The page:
Shirley Walker’s Contribution to “Apolcalypse Now” (1979)
Before becoming the next best thing to the likes of film composer Danny Elfman, Shirley Walker made her mark as a conductor for a few renowned films such as Randa Haine’s Children of a Lesser God (1986) and Jonathan Kaplan’s The Accused (1988). Her greatness was matched by the production of Francis Ford Coppola’s Apocalypse Now (1979) as her first gig in Hollywood. On the Internet Movie Database, Walker is listed as a synthesizer musician in the film’s music department. The original music credit goes to its director (listed as Francis Coppola) and his father Carmine Coppola. Coppola’s wife, Eleanor, was too busy documenting its production with stunning material that would later become Hearts of Darkness: A Filmmaker’s Apocalypse (1991), written and directed by Fax Bahr and George Hickenlooper who also made the wonderful film, The Man From Elysian Fields (2001). Like Werner Herzog’s Fitzcarraldo (1982) and its accompanying documentary Burden of Dreams (1982), Hearts of Darkness presents the production as harrowing an experience as Apocalypse Now.
2008 was a year to be a fan of Batman; not only did The Dark Knight raise the bar of action pictures involving anti-heroes, but after over a dozen years of waiting, some of the exemplary score from Batman: The Animated Series (1992-1995) was finally released on commercially sold CDs. This first volume is an accumulation of music by head composer Shirley Walker and collaborations by the equally good musicians Lolita Aitmanis and Michael McCuistion. Yes, I bought one of the three-thousand limited releases and it has a place of honor in my office. I investigated Shirley Walker’s 1979 case after reading this excerpt from the collectible booklet included with the soundtrack:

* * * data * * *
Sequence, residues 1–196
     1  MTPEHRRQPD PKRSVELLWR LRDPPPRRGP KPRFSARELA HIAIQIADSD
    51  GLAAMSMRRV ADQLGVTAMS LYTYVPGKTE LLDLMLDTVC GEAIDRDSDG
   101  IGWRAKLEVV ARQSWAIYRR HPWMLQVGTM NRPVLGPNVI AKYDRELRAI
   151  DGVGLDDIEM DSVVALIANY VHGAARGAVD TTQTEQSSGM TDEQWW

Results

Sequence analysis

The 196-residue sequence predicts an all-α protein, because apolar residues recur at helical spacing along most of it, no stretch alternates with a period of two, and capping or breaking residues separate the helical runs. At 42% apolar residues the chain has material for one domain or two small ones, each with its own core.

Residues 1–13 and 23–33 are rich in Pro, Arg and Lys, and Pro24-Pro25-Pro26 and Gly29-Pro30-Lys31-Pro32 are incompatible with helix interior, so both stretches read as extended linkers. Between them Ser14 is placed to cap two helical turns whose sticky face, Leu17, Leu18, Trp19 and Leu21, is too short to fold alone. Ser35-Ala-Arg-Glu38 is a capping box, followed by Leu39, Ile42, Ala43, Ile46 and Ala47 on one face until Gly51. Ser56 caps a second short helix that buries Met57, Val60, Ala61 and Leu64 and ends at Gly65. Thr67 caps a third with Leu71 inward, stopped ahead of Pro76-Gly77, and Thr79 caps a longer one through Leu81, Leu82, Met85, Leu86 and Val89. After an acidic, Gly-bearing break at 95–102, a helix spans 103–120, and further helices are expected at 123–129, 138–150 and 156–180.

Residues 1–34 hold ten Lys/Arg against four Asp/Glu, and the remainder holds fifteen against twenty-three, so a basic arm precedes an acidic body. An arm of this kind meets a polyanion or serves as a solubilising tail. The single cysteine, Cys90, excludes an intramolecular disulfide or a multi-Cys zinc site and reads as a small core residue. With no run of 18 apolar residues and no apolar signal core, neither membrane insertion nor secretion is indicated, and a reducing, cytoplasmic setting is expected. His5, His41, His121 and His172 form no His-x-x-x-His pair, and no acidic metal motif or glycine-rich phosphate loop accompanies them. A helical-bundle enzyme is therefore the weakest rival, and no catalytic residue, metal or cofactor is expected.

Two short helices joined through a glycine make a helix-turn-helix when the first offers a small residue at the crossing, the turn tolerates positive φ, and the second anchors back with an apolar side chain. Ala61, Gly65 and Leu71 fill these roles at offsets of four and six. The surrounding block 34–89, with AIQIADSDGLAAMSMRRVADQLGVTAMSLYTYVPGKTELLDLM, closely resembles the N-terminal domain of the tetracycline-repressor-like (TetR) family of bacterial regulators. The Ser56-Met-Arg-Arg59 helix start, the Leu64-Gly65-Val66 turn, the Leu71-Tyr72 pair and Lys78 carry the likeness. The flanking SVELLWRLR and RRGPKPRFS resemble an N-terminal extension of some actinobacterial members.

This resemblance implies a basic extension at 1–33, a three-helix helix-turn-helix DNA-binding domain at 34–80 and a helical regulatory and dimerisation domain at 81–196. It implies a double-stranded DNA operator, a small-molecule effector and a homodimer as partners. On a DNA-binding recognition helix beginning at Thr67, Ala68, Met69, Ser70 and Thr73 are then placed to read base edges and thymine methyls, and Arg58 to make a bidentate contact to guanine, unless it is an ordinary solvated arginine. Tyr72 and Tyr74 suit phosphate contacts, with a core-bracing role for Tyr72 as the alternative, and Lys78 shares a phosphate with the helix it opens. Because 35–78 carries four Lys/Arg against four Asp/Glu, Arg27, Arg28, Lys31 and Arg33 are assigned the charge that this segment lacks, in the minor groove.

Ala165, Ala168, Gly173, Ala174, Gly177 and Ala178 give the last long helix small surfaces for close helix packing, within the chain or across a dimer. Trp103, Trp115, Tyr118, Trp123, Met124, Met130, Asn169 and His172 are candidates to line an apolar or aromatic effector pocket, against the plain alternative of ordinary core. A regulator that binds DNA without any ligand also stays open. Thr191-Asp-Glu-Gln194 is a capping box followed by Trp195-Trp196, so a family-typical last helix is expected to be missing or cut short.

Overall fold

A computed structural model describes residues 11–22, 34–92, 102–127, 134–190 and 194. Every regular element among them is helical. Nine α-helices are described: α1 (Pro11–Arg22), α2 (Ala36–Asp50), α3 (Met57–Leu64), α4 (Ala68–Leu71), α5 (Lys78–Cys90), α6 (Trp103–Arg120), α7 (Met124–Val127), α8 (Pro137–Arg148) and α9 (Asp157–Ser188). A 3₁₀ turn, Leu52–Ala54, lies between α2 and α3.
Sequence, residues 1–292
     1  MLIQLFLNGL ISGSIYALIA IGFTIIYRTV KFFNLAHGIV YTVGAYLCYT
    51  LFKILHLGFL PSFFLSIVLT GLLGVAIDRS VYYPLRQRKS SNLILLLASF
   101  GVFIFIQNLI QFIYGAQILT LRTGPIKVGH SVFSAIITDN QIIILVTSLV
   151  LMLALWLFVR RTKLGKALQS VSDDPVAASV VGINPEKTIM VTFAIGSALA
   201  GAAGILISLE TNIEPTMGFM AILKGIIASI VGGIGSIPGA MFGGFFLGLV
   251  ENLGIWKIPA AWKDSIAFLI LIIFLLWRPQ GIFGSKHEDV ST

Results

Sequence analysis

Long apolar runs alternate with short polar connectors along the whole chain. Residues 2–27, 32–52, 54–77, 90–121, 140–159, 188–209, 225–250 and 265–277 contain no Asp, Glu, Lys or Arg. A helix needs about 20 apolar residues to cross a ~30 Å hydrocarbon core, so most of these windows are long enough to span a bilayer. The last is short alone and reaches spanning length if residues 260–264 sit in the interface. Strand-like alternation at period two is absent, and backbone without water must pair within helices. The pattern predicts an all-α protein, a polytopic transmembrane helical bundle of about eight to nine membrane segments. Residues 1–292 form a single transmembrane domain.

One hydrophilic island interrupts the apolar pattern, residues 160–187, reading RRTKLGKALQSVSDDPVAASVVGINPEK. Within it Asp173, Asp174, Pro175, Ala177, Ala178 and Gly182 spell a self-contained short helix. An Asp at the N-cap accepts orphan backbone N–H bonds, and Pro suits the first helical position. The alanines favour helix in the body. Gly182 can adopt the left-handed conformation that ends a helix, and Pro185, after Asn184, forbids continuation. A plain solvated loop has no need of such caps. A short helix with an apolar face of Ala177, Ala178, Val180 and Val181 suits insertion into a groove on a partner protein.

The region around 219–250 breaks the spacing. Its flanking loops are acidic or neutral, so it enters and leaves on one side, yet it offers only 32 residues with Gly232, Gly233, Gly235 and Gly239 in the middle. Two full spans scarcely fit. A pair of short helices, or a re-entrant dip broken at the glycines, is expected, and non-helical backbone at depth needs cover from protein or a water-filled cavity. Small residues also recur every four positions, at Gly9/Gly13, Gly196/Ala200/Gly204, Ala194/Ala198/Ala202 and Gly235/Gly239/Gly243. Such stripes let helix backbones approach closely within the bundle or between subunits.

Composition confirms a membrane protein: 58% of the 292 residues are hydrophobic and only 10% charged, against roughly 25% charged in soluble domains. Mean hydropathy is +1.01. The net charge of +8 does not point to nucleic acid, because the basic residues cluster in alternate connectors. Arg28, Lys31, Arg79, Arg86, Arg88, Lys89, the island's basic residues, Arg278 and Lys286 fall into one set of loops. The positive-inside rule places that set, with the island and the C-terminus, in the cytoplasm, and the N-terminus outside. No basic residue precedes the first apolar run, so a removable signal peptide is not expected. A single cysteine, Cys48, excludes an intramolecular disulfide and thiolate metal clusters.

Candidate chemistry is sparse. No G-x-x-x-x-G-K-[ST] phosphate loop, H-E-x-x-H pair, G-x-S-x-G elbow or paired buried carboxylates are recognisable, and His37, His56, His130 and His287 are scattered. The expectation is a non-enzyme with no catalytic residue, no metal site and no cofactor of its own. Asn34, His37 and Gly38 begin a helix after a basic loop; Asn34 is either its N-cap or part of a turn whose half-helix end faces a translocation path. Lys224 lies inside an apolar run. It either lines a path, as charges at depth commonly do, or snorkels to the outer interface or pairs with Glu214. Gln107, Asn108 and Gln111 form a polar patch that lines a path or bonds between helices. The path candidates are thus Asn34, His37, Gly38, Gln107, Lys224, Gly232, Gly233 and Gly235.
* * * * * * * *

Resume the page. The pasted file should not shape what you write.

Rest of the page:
In the 1970′s, Walker began scoring industrial films and jingles while continuing to play as apianist with a variety of orchestras. With one of the Bay’s hotbeds of creativity being Francis Ford Coppola’s American Zoetrope Studios, Walker’s notoriety would see her join the musical team of the writer-director’s Apocalypse Now in 1979. Her synth playing was a major factor in helping Coppola’s father Carmine realize Apocalypse Now‘s acid rock groove, and Walker would re-team with Carmine that same year for The Black Stallion, charging to the rescue with additional music for the Coppola-produced family classic.
-Daniel Schweiger, a soundtrack editor for iFmagazine.com and Venice Magazine.
“You’re in the asshole of the world, Captain!”
My favorite twenty seconds of Apocalypse Now‘s entirety is comprised from 2:59 to 3:19 in the following Do Long Bridge sequence. Captain Benjamin L. Willard (Martin Sheen) and his acid-tripping soldier Lance B. Johnson (Sam Bottoms) march across the wire-protruding, burnt-black terrain erupting with explosions of hellfire. From the center of a shooting post, descending lines of light bulbs stretch beyond the inky background and toward the frame panning horizontally to the right. Accompanying the commands, screams and growls on the soundtrack, the surrealistic music kicks in and drowns out the noise, effectively smothering it. The best way to describe the music would be like a carnival pavilion vomiting bile and severed elephant parts. If I died and heard this music, then I will know that I am really in Heaven. I love this music!